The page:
Why revenue matters in an audit
For many companies, revenue is one of the largest financial statement accounts. It’s also highly susceptible to financial misstatement.
When it comes to revenue, auditors customarily watch for fictitious transactions and premature recognition ploys. Here’s a look at some examples of critical issues that auditors may target to prevent and detect improper revenue recognition tactics.
Auditors aim to understand the company, its environment and its internal controls. This includes becoming familiar with key products and services and the contractual terms of the company’s sales transactions. With this knowledge, the auditor can identify key terms of standardized contracts and evaluate the effects of nonstandard terms. Such information helps the auditor determine the procedures necessary to test whether revenue was properly reported.
For example, in construction-type or production-type contracts, audit procedures may be designed to:
1) test management’s estimated costs to complete projects,
2) test the progress of contracts, and
3) evaluate the reasonableness of the company’s application of the percentage-of-completion method of accounting.
Gross vs. net revenue
Auditors evaluate whether the company is the principal or agent in a given transaction. This information is needed to evaluate whether the company’s presentation of revenue on a gross basis (as a principal) vs. a net basis (as an agent) complies with applicable standards.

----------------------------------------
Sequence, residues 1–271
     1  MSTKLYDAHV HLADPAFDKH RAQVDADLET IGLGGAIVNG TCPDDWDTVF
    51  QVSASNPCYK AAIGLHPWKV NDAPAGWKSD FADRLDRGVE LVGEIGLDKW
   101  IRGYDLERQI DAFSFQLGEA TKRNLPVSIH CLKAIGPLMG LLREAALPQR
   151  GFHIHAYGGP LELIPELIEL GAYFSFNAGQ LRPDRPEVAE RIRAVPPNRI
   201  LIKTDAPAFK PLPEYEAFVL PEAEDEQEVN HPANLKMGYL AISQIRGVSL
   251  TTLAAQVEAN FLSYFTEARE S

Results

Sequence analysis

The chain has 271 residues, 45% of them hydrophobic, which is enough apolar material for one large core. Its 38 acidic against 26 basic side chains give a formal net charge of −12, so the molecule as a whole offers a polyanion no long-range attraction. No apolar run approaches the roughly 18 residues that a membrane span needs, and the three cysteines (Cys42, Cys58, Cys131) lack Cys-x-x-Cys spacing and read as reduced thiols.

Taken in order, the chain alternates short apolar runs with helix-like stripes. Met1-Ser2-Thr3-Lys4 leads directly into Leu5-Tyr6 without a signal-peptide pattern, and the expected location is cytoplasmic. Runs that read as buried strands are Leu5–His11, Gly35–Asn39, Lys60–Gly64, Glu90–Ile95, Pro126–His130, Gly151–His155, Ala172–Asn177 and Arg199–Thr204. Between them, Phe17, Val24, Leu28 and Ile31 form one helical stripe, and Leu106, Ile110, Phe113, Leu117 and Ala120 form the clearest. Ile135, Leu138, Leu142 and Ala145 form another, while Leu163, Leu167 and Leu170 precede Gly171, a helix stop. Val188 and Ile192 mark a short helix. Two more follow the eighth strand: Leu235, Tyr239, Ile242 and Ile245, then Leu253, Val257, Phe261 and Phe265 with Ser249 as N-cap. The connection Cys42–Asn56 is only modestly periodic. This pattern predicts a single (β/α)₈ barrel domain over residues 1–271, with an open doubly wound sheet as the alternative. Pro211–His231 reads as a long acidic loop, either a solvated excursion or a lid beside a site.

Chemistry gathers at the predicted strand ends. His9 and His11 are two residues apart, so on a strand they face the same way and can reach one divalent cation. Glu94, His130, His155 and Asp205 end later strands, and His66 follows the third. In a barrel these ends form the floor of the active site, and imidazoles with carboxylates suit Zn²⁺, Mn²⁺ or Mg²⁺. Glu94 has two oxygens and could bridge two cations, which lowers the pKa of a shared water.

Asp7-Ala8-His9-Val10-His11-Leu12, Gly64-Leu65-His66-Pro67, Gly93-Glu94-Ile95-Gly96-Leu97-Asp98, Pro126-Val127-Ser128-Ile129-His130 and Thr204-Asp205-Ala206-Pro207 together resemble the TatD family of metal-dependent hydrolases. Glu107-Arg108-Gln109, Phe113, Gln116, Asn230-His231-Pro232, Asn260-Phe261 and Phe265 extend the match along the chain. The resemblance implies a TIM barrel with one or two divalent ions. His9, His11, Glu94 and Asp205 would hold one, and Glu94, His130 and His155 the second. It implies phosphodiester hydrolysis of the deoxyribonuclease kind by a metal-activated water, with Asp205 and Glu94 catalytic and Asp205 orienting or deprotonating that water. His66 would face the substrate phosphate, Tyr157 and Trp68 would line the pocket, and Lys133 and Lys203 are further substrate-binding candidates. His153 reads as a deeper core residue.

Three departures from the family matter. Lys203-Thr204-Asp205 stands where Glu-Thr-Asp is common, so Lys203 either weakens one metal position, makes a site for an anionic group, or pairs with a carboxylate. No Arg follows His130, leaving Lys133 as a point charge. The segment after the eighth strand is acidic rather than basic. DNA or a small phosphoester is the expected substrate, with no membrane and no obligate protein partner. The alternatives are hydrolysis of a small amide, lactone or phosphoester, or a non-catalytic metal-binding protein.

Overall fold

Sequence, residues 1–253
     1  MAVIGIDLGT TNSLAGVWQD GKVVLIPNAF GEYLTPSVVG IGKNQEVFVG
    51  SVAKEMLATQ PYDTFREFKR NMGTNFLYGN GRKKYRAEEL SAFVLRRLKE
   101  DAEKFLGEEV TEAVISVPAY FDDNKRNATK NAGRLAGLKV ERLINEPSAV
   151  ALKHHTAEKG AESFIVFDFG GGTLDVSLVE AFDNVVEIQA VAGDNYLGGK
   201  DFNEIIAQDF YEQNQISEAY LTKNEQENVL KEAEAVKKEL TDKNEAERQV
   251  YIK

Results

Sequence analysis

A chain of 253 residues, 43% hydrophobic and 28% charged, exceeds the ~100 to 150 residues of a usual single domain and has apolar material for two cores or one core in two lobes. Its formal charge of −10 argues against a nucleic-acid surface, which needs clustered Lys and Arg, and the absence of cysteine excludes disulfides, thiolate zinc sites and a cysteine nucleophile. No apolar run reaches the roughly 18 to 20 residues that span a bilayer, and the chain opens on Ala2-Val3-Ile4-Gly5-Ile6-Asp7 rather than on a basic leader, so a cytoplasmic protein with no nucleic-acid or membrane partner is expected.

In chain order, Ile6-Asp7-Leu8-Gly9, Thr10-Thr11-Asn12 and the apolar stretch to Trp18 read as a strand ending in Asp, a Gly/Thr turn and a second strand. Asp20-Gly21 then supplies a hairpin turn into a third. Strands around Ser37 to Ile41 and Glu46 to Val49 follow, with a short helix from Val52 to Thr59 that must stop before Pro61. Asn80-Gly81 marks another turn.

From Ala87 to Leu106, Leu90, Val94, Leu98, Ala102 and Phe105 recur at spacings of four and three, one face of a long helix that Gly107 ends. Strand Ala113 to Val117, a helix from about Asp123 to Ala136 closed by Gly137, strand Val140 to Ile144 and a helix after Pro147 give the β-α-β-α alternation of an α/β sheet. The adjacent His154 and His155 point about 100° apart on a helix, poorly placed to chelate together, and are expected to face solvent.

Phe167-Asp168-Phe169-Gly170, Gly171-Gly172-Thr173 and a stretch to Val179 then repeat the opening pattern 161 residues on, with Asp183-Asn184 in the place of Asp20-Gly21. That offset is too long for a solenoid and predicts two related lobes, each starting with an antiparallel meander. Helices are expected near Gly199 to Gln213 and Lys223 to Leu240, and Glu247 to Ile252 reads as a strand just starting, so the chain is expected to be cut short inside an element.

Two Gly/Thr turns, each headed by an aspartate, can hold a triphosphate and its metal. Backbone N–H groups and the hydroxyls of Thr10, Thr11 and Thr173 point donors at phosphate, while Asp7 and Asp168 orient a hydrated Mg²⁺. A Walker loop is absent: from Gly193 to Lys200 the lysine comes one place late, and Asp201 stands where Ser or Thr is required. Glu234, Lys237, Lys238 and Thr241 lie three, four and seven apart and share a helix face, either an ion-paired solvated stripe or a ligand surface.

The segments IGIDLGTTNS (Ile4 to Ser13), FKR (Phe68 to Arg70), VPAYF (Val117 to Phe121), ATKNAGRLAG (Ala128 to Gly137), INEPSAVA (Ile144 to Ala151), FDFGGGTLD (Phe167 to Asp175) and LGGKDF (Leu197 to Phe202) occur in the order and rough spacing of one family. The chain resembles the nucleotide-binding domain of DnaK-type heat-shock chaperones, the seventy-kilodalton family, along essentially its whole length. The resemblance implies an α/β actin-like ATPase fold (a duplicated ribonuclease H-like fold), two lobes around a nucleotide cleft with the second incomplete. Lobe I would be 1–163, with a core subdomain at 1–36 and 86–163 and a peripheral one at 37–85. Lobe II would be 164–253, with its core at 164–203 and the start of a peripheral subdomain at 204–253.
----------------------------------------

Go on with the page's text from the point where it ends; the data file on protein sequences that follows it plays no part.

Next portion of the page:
Revenue must be reported in the correct accounting period (generally the period in which it’s earned). Cutoff testing procedures should be designed to detect potential misstatements related to timing issues, as well as to obtain sufficient relevant and reliable evidence regarding whether revenue is recorded in the appropriate period.
If the risk of improper accounting cutoffs is related to overstatement or understatement of revenue, the procedures should encompass testing of revenue recorded in the period covered by the financial statements — and in the subsequent period.
A typical cutoff procedure might involve testing sales transactions by comparing sales data for a sufficient period before and after year end to sales invoices, shipping documentation or other evidence. Such comparisons help determine whether revenue recognition criteria were met and sales were recorded in the proper period.
Starting in 2018 for public companies and 2019 for other entities, revenue must be reported using the new principles-based guidance found in Accounting Standards Update (ASU) No. 2014-09, Revenue from Contracts with Customers. The updated guidance doesn’t affect the amount of revenue companies report over the life of a contract. Rather, it affects the timing of revenue recognition.
In light of the new revenue recognition standard, companies should expect revenue to receive renewed attention in the coming audit season. Contact us to help implement the new revenue recognition rules or to discuss how the changes will affect audit fieldwork.